Room to spare

Since opening in Toronto five years ago, the sleek, modernist Bulthaup showroom on King Street East has been a mecca for homeowners and designers seeking what the German manufacturer has long provided: the finest in contemporary kitchen design. But the recent $450,000 overhaul of the store by Antje Bulthaup, granddaughter of company founder Martin Bulthaup and co-owner (with husband Stefan Sybydlo) of the Toronto operation, has improved a space that some observers thought unimprovable, and provided a refreshed, chic setting for the products Bulthaup has to offer its Canadian clients.

These offerings have been increased. The older scheme featured only three kitchen configurations, distributed in an open plan behind the expansive windows that frame the 1,915-square-foot ground- floor site on two sides. In the new layout, the number of kitchens has risen to four, and the space occupied by three of them has been articulated by the introduction of short walls perpendicular to King Street, which concentrate the viewing experience.

The lightness and brightness of the space has been enhanced by the cladding of the rear wall in steel-framed translucent glass. Each pane is separated from the next by a flexible rubber strip, into which an s-shaped hook can be pushed and used for hanging pots and pans.

The allotment of furnishings has also been changed for the better. A meeting table for 10, formerly installed in the most exposed corner of the room, where the two great glass walls of the building meet, has been replaced by a setting for just six. And an informal conversation area has been eliminated altogether in the new plan. These quiet changes, especially the removal of the living-room ensemble, have the effect of pushing the kitchen displays to centre stage, and reinforcing the mood of a working atelier throughout the store. The only elements that have remained unchanged from the shop’s previous incarnation are the solid oak floor, the nearly 13-foot-high ceiling and the office area.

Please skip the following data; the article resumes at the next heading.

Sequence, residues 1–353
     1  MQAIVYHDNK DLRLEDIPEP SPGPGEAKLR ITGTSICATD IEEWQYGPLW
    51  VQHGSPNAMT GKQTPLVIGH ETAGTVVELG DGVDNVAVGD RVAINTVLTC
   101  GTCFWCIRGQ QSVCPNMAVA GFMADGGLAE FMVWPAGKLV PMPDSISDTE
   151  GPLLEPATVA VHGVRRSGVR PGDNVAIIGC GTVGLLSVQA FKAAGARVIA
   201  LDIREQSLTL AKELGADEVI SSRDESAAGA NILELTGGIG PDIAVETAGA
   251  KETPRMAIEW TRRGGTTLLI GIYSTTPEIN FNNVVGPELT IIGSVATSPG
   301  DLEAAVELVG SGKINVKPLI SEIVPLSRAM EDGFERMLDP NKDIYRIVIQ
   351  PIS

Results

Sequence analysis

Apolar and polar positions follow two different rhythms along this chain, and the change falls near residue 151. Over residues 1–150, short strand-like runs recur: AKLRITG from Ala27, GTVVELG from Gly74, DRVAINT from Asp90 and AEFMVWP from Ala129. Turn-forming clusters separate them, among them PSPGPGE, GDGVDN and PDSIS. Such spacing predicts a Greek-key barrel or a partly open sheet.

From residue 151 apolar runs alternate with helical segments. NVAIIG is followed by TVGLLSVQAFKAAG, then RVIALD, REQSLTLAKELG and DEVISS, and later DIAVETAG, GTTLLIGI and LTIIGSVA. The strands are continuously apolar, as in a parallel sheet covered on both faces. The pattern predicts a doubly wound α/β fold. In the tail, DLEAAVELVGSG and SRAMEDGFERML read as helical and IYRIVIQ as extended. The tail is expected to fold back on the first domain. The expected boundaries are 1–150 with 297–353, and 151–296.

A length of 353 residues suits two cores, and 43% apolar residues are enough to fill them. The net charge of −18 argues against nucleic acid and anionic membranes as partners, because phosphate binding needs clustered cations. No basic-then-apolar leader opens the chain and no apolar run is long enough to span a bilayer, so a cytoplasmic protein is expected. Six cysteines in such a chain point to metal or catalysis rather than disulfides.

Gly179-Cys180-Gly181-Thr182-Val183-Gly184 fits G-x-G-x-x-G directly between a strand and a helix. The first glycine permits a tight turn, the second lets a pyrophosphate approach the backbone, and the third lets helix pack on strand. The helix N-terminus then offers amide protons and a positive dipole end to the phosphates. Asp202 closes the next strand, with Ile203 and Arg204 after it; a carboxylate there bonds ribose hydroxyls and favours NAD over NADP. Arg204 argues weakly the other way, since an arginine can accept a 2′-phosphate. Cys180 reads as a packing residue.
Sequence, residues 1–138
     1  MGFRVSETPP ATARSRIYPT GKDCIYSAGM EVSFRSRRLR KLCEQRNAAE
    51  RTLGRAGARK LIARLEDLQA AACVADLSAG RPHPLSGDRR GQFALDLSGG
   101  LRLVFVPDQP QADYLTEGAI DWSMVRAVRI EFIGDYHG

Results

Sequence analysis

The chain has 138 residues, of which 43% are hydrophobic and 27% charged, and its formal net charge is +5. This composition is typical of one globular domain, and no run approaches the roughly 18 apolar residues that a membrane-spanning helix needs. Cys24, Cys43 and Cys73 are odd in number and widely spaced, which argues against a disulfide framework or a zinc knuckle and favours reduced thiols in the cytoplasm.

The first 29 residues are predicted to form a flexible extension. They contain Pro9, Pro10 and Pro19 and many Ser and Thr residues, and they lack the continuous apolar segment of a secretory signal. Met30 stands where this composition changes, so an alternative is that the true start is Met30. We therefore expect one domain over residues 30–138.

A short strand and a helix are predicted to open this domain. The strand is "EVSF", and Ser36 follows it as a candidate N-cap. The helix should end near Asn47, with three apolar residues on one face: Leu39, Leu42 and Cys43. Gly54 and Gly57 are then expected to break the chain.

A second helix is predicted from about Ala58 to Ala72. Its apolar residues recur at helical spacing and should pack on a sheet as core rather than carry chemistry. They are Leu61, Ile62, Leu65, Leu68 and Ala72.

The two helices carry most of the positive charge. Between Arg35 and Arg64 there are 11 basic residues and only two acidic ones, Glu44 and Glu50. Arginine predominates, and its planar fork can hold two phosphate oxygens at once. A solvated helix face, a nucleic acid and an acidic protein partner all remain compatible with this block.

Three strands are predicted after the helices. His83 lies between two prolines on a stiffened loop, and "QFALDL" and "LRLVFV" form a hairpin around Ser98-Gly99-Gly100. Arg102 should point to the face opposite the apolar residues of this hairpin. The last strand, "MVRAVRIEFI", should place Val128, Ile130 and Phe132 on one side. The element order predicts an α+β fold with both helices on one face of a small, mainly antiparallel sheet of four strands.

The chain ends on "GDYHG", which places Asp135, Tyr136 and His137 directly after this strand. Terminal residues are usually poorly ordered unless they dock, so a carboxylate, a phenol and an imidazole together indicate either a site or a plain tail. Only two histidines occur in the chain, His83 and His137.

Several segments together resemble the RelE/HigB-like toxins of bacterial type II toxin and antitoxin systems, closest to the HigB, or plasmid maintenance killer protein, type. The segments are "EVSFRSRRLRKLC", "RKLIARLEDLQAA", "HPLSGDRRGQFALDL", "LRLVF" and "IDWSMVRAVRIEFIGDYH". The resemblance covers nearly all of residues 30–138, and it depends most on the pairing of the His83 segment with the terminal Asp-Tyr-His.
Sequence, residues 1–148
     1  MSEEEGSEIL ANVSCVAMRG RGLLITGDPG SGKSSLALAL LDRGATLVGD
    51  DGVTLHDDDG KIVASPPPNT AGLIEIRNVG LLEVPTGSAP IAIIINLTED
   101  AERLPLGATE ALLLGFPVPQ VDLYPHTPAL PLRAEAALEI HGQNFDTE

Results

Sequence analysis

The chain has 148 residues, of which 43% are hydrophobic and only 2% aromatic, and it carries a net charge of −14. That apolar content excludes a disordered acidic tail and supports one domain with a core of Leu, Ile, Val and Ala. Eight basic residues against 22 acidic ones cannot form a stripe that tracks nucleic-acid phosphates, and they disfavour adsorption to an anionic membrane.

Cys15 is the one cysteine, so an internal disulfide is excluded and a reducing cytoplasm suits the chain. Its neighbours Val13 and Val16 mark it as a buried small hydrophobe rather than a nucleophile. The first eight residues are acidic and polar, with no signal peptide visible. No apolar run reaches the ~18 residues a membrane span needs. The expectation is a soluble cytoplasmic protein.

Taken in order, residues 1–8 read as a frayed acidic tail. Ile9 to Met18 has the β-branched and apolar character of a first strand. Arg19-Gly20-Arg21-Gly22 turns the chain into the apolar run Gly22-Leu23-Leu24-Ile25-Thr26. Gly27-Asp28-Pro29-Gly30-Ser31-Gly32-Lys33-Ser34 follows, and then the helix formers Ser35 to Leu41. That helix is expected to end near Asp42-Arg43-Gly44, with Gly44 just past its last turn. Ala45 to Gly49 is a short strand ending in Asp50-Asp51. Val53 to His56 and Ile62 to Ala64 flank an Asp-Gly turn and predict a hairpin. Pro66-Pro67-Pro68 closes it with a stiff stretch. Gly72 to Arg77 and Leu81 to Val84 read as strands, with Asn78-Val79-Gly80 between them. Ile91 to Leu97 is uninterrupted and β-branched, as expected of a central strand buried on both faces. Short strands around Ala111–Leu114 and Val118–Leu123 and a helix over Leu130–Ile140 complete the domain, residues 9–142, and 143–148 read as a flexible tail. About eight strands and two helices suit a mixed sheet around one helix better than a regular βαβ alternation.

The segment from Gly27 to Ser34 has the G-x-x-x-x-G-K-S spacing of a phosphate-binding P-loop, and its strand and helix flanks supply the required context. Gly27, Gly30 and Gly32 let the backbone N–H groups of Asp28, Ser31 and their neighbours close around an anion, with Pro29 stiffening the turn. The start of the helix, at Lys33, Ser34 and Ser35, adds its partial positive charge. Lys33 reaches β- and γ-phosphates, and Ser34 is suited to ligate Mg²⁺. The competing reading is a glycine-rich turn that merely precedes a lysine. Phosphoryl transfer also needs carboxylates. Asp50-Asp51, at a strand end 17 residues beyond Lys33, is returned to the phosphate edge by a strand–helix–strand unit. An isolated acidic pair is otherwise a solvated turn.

On display in this renovated space are excellent examples of the three Bulthaup lines. The b1 version, which appears here in white beside the King Street window, is what Antje calls “the essential kitchen, less expensive and built in. There is no compromise on quality, but not much choice.” (You’ll pay roughly the price of a new mid-sized car for b1.) The simplicity of this model, with its long, unfussy lines, smooth corners and ergonomic ease, makes it particularly appropriate for the restricted spaces many of Toronto’s downtown condominium-dwellers inhabit.

Bulthaup’s b2 is the most exciting and unusual of the firm’s three lines. Designed by the Viennese studio EOOS, this series has been inspired by the craftsman’s workbench and workshop, and it seeks to recall the kitchen’s ancient identity as a zone of hard creative work. The two core items in the set are displayed in the middle of the showroom: a modular stainless steel bench with everything one needs for preparation, cooking and washing up; and a tool cabinet for neatly stowing basic cookware and tableware, appliances and utensils. Gone are the traditional cupboards hanging over counter and stove; b2 is rather a kitchen for postmodern living: minimal in style, maximal in efficiency and sheer urban attitude.

Two kitchens in Bulthaup’s flagship b3 line — the Mercedes-Benz option, in terms of price — are featured here. Both are large and both honour the Canadian kitchen as the place where the family cooks and eats most of the time, and where guests are entertained on all but the most ceremonial occasions. Bulthaup’s massive “mono- block,” an island of seamless stainless steel and aluminum drawers fronted in smoked oak and lined with linoleum, commands the centre of one kitchen here, positioned toward the east end of the showroom. Both kitchens on display are furnished with a panoply of convenient, ergonomically designed cabinets, drawers and shelves.

The new space, however, is not just about kitchens: Bulthaup Toronto will feature a work by a different artist every quarter of the year. To inaugurate the renovated shop, the owners chose Bob Gundu’s large, vivid photo-based piece entitled “The Philadelphia Experiment.”

Bulthaup kitchens are “really for people who are conscious about themselves, how they want to live,” Antje says. For such people, the showroom is key. “They don’t buy only a product. They buy the atmosphere in the place.” CI